Afternoon Orchestra Concert Salutes America on February 17

Afternoon Orchestra Concert Salutes America on February 17

February 9, 2000

February 9, 2000, Greencastle, Ind. - In a special Thursday afternoon concert on February 17, the DePauw University Orchestra will perform a special concert saluting America. The short concert in the Performing Arts Center, Kresge Auditorium, set during DePauw's convocation hour at 1 p.m., will feature two works, and it will also be broadcast live on DePauw's FM radio station, WGRE, 91.5. It is open and free to the public.

The half-hour concert will include a salute to American composer Aaron Copland, in celebration of the 100th anniversary of his birth. "Copland, who passed away in 1990, was felt by many to be a composer who captured the truest American spirit in his music, both from his use of folk/cowboy music and his uplifting music about our pioneering mission," says Orcenith Smith, conductor of the Orchestra.

The Orchestra will perform Copland's Lincoln Portrait, which includes narrated portions of President Abraham Lincoln's most powerful speeches. The portions of the speeches will be spoken by DePauw's vice president for student services, James L. Lincoln.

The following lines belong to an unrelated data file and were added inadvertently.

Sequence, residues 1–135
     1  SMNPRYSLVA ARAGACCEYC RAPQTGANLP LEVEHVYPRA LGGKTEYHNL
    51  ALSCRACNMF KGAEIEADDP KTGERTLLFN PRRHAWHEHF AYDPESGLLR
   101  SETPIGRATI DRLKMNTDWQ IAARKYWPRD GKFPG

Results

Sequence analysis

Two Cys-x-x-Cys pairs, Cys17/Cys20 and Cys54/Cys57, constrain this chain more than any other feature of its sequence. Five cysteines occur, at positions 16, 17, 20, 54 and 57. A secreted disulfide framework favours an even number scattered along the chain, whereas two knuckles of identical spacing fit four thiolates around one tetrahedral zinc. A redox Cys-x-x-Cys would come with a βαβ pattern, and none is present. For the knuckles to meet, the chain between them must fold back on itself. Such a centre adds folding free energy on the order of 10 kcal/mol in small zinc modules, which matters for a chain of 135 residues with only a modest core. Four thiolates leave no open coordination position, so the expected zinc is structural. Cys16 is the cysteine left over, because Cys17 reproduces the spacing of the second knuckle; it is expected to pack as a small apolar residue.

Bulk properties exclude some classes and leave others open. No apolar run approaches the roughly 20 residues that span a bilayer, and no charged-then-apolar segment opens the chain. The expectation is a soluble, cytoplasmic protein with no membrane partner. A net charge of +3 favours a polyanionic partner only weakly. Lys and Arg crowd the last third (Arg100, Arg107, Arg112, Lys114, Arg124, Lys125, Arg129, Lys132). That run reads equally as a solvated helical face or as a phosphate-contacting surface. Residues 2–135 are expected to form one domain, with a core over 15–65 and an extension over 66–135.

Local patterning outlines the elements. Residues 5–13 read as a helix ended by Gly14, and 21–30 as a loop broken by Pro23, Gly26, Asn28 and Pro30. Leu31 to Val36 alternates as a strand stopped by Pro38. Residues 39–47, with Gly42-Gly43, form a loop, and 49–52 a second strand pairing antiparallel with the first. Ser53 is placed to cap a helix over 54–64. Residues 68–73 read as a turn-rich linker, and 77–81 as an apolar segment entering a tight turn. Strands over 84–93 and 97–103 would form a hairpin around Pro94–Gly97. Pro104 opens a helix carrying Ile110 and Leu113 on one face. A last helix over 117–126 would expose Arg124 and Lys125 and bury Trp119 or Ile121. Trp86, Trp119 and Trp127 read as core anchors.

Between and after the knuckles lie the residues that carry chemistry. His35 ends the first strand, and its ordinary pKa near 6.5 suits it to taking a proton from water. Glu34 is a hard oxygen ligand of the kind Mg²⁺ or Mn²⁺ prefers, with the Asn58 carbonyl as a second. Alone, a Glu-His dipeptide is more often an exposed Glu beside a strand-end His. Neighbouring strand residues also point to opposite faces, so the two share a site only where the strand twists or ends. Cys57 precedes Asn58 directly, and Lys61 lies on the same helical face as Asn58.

Also on the program will be The American Dream by James R. Beckel, Jr. According to Smith, "Beckel is not only principal trombonist in the Indianapolis Symphony and has taught trombone at DePauw us-flag.giffor many years, but he also has recently developed an impressive third career as a composer. His American Dream has been performed by many of the major orchestras and bands in the United States, and American Dream was recorded on the DePauw Band's CD project in 1998. Beckel was commissioned to write American Dream for performance with the Indianapolis Symphony, and it is dedicated to an immigrant family that came to the United States to realize their dreams. The father of the family also loved nature, and Beckel has incorporated the hymn tune, `For the Beauty of the Earth,' in the body of this very emotional work."